Finally, we decided to test our data variability across all neurobehavioral measures—behavior, hippocampal dendritic spine density, and gene expression—using the coefficient of variation (CV = standard deviation/mean), as a measure of relative variability, previously described in the meta-analyses performed by Prendergast et al.  and Becker et al.  (Fig. 6). When we calculated and compared the CV value for each group across the 6 datasets described here, we found no difference in variability between females and males whether females were separated by estrous cycle stage [F(2, 15) = 0.514, P = 0.608, Fig. 6A], or merged into one female group [t(9.94) = 1.87, P = 0.092; Fig. 6B].
In sum, our data are consistent with the data previously reported in mice and rats that females are, on average, not more variable than males [21, 22, 26]. However, our data also clearly show that this finding is not, at all, predictive of whether the estrous cycle plays an important role in regulating the outcome of interest.
In this manuscript, we show that accounting for the estrous cycle significantly increases the resolution of the neuroscience studies and allows for: (a) identification of masked sex differences; (b) mechanistic insight(s) into the identified sex differences, across different neurobehavioral outcomes, from behavior to molecular phenotypes. We strongly encourage the neuroscience community to incorporate the estrous cycle information in their study design and data analysis, whenever possible, and we debunk some myths that tend to de-emphasize the importance and discourage the inclusion of this critically important biological variable (Table 1).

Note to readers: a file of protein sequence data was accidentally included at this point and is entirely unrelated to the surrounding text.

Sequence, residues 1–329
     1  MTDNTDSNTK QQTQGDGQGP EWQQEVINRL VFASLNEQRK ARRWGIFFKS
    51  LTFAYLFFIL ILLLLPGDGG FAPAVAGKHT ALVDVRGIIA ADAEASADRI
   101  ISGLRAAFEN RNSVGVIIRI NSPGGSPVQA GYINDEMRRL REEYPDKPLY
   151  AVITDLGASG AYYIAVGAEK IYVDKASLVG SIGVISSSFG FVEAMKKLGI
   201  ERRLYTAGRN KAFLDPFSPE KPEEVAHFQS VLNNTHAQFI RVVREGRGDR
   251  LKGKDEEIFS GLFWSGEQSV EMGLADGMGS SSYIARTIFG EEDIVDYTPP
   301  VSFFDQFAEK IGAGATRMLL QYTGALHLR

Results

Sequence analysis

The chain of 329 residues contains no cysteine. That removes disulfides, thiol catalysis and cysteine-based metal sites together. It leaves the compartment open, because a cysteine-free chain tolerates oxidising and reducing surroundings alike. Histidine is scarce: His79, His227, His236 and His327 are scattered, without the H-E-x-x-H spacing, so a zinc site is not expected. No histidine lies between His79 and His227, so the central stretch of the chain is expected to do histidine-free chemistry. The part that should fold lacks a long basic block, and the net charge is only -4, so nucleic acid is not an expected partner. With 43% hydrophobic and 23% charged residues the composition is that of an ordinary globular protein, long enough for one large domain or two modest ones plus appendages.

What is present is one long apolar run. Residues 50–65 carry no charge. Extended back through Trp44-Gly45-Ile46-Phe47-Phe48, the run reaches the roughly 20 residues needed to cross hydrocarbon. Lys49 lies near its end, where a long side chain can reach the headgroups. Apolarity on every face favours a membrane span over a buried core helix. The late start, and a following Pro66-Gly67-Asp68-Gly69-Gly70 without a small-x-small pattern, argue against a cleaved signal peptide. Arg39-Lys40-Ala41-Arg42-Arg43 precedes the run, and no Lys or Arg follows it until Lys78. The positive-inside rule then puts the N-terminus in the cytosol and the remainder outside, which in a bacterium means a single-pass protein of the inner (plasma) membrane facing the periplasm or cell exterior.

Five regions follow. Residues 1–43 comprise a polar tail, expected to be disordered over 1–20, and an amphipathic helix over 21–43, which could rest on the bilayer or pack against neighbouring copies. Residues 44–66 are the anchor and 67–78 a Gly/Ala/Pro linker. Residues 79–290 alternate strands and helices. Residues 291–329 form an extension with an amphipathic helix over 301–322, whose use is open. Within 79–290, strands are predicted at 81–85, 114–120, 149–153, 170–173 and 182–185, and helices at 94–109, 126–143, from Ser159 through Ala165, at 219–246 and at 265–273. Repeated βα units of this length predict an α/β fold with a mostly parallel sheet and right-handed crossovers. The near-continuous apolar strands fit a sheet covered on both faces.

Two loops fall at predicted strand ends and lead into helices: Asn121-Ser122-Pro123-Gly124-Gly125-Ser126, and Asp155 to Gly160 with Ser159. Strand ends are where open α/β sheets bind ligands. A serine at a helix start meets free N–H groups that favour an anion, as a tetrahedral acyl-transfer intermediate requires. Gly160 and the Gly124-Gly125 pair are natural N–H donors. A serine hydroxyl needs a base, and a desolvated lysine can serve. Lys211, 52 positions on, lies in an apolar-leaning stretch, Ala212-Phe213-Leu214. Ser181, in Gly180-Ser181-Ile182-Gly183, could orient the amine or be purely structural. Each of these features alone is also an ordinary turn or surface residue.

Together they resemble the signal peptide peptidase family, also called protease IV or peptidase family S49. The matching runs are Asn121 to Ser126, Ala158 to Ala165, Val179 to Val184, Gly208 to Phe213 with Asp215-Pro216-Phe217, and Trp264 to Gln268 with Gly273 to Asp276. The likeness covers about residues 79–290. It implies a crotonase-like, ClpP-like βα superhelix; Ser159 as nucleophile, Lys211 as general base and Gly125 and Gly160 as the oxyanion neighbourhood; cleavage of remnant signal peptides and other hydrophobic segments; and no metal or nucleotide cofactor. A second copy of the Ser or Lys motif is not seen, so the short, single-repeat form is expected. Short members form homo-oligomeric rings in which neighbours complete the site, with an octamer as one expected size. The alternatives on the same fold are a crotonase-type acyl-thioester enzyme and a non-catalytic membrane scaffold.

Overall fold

Since the NIH and other funding agencies mandated the use of both sexes in grant proposals, there are an increasing number of studies that include both males and females, as opposed to the past preclinical neuroscience research that largely focused on males . The SABV policy was certainly a critical step towards more equitable research practice and has sent an important signal that male-only research is not scientifically and socially responsible, since it does not apply to women and people across genders. However, since the policy is not very strict and there is no system in place to keep researchers accountable, there has been a varied response to this policy after funding is awarded. Some researchers still focus on males; others use mixed male and female groups that are typically underpowered to detect sex differences; a smaller percentage of researchers actually run studies that are designed to test the effect of sex [29, 30]. This varied response and its outcomes also raised concerns that sex differences are now misreported and misinterpreted , and that this practice can hurt the precision medicine initiative in the long-run .